```Website owner:  James Miller
```

[ Home ] [ Up ] [ Info ] [ Mail ]

RATIONAL EXPRESSION, RATIONAL ALGEBRAIC FRACTION, PARTIAL FRACTIONS, EXPRESSING A PROPER ALGEBRAIC FRACTION AS A SUM OF PARTIAL FRACTIONS

Definitions.

******************

Rational expression or function. An algebraic expression which involves no variable in an irreducible radical or under a fractional exponent.

Examples. The expressions 2x2 + 1 and 2x + 1/x are rational. So is

However,

are not.

Theorem 1. Any rational expression can be expressed as a quotient g(x) / G(x) of two polynomials.

Rational algebraic fraction. A quotient g(x) / G(x) of two polynomials i.e.a fraction g(x) / G(x) in which the numerator and denominator are both polynomials.

Proper algebraic fraction. A rational algebraic fraction g(x) / G(x) in which the numerator is of lower degree than the denominator.

Examples.

1. x / (x3 + 2)

2. (x2 + 5x + 2) / (3x3 - 2x +1)

Improper algebraic fraction. A rational algebraic fraction g(x) / G(x) in which the numerator is not of lower degree than the denominator.

Example. (4x3 + 2x + 1) / (x2 + 5x + 2)

● An improper fraction can be expressed as the sum of a polynomial and a proper fraction by dividing the numerator by the denominator.

Fundamental Theorem of Algebra. If G(x) is a polynomial with real coefficients, then G(x) can be written as the product of linear and quadratic factors with real coefficients:

G(x) = c(x - α1)(x - α2) ... (x2 + b1x + c1) (x2 + b2x + c2) ...

where bi2- 4ci < 0.

● Any proper algebraic fraction g(x) / G(x) can thus be written in the form

g(x) / G(x) = g(x) / [ c(x - α1)(x - α2) ... (x2 + b1x + c1) (x2 + b2x + c2) ... ]

Partial fractions. A set of fractions whose algebraic sum is a given fraction. Any quotient of polynomials for which the numerator is of lesser degree than the denominator can be expressed as a sum of fractions of types

where n is a positive integer and all coefficients are real if all coefficients in the original polynomials were real. Indeed, partial fractions are usually understood to be fractions of these relatively simple types.

The term method of partial fractions is applied to the study of methods of finding these fractions and using them, particularly in integrating certain rational fractions.

James and James. Mathematics Dictionary

Procedure for expressing a proper algebraic fraction g(x) / G(x) as a sum of partial fractions of type

Let us consider the following cases:

Case 1. Distinct linear factors. To each linear factor x - a occurring once in the denominator of a proper fraction, there corresponds a single partial fraction of the form

where A is a constant to be determined. If, for example, the factors of the denominator of the given fraction g(x) / G(x) are all linear and distinct i.e.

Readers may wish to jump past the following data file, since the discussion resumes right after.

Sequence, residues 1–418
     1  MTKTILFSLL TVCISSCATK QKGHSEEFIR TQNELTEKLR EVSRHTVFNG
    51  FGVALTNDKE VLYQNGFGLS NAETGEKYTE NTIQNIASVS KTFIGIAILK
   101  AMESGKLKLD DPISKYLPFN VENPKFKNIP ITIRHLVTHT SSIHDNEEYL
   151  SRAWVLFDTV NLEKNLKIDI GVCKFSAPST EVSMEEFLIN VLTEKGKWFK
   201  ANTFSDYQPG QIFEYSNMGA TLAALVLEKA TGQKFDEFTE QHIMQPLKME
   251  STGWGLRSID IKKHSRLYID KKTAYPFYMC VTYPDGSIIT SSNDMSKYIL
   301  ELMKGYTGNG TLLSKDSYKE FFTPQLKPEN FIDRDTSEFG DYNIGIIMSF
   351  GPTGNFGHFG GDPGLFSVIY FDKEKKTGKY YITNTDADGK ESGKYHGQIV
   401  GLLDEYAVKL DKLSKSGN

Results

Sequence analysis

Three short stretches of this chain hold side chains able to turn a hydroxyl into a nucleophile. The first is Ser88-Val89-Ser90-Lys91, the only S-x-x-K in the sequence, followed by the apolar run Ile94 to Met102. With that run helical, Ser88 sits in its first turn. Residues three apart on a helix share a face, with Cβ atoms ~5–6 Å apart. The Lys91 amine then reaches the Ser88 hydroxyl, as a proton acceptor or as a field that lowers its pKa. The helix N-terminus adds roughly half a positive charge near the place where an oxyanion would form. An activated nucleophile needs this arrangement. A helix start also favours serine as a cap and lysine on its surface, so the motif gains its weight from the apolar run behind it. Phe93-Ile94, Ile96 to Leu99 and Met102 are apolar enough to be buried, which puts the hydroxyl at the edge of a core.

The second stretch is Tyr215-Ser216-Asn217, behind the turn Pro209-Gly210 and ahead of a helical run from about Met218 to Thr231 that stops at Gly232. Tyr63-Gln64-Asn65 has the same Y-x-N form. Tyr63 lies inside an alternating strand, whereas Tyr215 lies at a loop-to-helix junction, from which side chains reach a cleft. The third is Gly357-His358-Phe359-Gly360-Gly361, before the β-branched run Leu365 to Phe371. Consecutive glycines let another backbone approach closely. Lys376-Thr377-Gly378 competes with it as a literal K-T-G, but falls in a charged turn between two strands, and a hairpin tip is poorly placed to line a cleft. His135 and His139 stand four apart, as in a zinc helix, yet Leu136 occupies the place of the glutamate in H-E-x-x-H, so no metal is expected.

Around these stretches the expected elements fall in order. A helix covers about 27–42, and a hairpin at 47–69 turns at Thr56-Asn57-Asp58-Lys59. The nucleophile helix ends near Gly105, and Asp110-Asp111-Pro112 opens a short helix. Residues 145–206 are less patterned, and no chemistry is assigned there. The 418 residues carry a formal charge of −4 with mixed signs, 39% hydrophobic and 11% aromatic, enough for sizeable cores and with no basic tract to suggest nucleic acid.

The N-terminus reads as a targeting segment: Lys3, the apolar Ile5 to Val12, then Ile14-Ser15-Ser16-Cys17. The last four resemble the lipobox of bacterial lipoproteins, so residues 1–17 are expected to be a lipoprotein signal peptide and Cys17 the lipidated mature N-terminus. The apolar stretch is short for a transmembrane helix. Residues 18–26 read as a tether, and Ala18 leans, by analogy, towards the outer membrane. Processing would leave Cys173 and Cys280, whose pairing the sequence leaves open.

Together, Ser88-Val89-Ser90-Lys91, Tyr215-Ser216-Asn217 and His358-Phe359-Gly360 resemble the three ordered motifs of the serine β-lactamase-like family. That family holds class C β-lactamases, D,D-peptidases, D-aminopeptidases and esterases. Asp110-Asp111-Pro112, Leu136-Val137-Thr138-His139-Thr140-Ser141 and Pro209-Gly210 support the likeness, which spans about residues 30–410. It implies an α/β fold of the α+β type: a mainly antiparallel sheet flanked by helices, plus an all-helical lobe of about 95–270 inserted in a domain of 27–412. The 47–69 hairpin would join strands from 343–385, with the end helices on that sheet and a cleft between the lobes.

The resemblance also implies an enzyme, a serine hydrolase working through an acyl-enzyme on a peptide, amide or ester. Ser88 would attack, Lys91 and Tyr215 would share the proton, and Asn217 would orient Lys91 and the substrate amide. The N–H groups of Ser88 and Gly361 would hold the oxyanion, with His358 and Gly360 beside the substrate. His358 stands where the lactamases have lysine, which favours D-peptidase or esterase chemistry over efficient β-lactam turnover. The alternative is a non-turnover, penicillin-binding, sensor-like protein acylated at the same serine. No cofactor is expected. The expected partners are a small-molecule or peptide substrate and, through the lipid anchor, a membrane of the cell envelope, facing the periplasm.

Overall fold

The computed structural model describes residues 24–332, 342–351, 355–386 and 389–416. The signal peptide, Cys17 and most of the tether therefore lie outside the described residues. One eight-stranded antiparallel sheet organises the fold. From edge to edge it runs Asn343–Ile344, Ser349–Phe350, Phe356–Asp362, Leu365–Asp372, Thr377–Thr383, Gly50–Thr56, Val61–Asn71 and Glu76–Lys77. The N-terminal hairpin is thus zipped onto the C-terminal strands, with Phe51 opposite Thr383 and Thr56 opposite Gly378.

G(x) = c(x - a)(x - b) ...

then

Case 2. Repeated linear factors. To each linear factor x - a occurring n times in the denominator of a proper fraction, there corresponds a sum of n partial fractions of the form

where the A’s are constants to be determined. Suppose, for example, that the denominator G(x) can be factored into real linear factors, one or more repeated i.e.

G(x) = c(x - a)(x - b) ...(x - q)m ...

Then

Case 3. Distinct quadratic factors. To each irreducible quadratic factor x2 + bx + c occurring once in the denominator of a proper fraction, there corresponds a single partial fraction of the form

where A and B are constants to be determined. If, for example, the denominator G(x) can be factored into irreducible quadratic factors, all different i.e.

G(x) = c(x2 + b1x + c1)(x2 + b2x + c2) ...

then

Case 4. Repeated quadratic factors. To each irreducible quadratic factor x2 + bx + c occurring n times in the denominator of a proper fraction, there corresponds a sum of n partial fractions of the form

where the A’s and B’s are constants to be determined. If, for example, the denominator G(x) can be factored into irreducible quadratic factors, one or more repeated i.e.

G(x) = c(x2 + b1x + c1)(x2 + b2x + c2) ... (x2 + p1x + q1)m ...

then

In summary. If the denominator G(x) can be factored into a mixture of linear and irreducible quadratic factors, some of which may be repeated i.e.

G(x) = c(x - a)(x - b) ...(x - q)m ...(x2 + b1x + c1) ... (x2 + p1x + q1)m ...

then

General methods for evaluating coefficients. Let

1. Method of undetermined coefficients.. Multiply both sides of equation by D(x) to clear fractions. Then collect like terms, equate the powers of x, and solve the resulting simultaneous equations for the unknown coefficients.

2. Substitution method. Multiply both sides of equation by D(x) to clear fractions. Then let x assume certain convenient values (x = 1, 0, -1, ...) and solve the resulting equations for the unknown coefficients.

Example.

Clearing of fractions,

(1)       6x2 - x + 1 = A(x - 1)(x + 1) + Bx(x + 1) + Cx(x - 1)

Substitution method. Let x = 0. Then A = -1. Letting x = 1, B = 3. Letting x = -1, C = 4. Then

Method of undetermined coefficients. Rewriting (1)

6x2 - x + 1 = (A + B + C)x2 + (B - C)x - A

Equating coefficients of like powers of x

A + B + C = 6

B - C = -1

-A = 1

Solving this system of equations,

A = -1, B = 3, C= 4.

References.

James and James. Mathematics Dictionary

Ayres. Differential and Integral Calculus.